By SUSAN JONES
On Sept. 8, Pitt reported 36 more students had tested positive for COVID-19 since its last update on Sept. 4, putting the Oakland campus at a “critical juncture,” the COVID-19 Medical Response Office said in a University-wide email.
The new cases, which are all from students who sought testing after experiencing symptoms of the virus, put the total at 128 since Aug. 1 when student began returning to the Oakland area. Of those, 78 remain in isolation, according to the COVID-19 Dashboard. The five-day moving average of positive tests per day went from 7.6 to 10.0 in the past four days, with new cases in double digits for four of the past seven days.
The Medical Response Office said that although the increase over the past four days “is not exponential, that does not mean we’re in the clear. On the contrary. This is a critical juncture. This is our moment to flatten the curve.”
Students who traveled anywhere for the Labor Day weekend need to shelter in place for 14 days upon returning to campus, the medical team said.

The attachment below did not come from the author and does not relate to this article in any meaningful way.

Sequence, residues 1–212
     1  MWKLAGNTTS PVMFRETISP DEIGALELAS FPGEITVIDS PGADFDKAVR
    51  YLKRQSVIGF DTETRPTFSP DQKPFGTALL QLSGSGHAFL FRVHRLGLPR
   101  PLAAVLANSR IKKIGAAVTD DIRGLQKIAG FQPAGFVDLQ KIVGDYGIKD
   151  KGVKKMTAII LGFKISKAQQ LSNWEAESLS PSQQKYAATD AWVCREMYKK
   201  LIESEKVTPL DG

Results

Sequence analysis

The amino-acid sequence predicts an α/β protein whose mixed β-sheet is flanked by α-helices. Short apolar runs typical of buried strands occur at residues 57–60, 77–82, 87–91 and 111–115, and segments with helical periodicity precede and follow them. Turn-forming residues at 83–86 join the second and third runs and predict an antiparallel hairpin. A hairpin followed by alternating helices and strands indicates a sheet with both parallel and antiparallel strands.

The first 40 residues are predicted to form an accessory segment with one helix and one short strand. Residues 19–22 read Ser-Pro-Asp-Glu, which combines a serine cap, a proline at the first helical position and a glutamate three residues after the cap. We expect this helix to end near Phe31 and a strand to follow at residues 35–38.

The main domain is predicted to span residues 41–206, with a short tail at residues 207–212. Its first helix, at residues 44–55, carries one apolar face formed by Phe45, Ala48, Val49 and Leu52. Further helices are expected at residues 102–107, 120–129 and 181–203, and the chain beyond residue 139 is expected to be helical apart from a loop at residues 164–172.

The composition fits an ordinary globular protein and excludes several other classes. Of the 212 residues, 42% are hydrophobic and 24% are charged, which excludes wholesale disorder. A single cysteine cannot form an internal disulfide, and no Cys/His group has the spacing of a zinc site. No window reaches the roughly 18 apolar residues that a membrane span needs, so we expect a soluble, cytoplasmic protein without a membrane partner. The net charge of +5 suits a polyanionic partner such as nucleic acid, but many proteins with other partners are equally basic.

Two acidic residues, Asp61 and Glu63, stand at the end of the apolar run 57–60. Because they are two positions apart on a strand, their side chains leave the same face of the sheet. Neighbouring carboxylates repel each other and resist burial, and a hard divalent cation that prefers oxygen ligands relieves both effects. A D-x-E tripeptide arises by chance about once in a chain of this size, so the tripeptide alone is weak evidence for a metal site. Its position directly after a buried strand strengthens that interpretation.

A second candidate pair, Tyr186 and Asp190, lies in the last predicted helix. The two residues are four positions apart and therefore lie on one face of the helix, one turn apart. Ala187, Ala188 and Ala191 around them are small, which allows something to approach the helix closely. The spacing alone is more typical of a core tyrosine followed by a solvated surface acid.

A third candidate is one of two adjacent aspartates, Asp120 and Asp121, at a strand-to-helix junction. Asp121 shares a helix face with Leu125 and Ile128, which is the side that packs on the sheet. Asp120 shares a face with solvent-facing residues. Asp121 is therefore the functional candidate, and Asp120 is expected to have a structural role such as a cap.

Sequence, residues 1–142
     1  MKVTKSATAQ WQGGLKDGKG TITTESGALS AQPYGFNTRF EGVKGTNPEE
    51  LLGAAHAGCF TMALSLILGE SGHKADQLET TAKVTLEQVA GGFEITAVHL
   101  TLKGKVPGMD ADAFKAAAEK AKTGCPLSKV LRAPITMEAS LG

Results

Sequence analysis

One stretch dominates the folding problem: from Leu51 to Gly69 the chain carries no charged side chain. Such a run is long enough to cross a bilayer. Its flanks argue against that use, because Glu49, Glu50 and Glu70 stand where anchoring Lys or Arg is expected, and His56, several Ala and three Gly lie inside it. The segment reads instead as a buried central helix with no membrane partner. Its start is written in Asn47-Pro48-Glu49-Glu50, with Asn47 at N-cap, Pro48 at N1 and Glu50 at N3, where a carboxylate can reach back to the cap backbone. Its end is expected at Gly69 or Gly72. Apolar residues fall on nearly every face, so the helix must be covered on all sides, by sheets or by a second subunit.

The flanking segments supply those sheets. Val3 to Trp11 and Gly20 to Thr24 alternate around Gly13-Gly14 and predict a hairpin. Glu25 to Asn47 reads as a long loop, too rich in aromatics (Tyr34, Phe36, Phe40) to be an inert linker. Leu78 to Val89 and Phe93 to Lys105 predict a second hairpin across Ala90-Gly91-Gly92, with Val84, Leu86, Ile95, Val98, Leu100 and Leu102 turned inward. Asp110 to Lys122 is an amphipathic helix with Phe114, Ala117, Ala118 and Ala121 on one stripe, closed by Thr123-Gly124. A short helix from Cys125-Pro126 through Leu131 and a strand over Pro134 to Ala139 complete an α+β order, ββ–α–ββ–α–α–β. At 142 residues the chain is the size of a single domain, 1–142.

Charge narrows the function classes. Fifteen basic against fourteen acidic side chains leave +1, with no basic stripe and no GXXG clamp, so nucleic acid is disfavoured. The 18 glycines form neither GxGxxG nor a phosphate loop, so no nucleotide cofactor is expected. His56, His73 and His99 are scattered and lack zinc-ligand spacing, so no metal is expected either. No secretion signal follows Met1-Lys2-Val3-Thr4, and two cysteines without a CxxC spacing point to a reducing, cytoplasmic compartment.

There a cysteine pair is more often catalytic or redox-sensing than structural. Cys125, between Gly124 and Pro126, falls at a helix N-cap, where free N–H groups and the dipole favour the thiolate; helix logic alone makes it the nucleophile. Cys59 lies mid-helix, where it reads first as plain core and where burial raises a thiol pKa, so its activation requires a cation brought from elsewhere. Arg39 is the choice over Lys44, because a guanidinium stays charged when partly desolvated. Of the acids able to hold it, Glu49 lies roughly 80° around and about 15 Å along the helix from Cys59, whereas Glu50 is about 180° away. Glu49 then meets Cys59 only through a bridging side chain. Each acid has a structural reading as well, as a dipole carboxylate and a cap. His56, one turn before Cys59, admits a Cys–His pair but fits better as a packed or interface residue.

On Aug. 19 — the day the Pitt semester started for everyone remotely — Provost Ann Cudd announced that in-person classes would not start until at least Sept. 14. Chancellor Patrick Gallagher and others have previously said that the Pitt community would be given at least a week’s notice before the operational posture moves to Guarded on the Oakland campus, which would allow in-person classes.
A Sept. 6 video from Dean of Students Kenyon Bonner urged students to wear face masks, keep socially distanced particularly around people not in their pod, and to go to Student Health if they don’t feel well and get tested if necessary.
“The doctors and nurses that we have do not share your health information with the Office of Student Conduct,” Bonner said. “They do not share your information with me. We are more concerned with your health and well-being than we are about kicking any student out of Pitt.”
The Medical Response Office email also urged students to cooperate with University contact tracers. “By sharing the names of your close contacts with a contact tracer, you’re actually helping to protect your friends and loved ones who may also be at risk of falling ill from the virus,” the email said.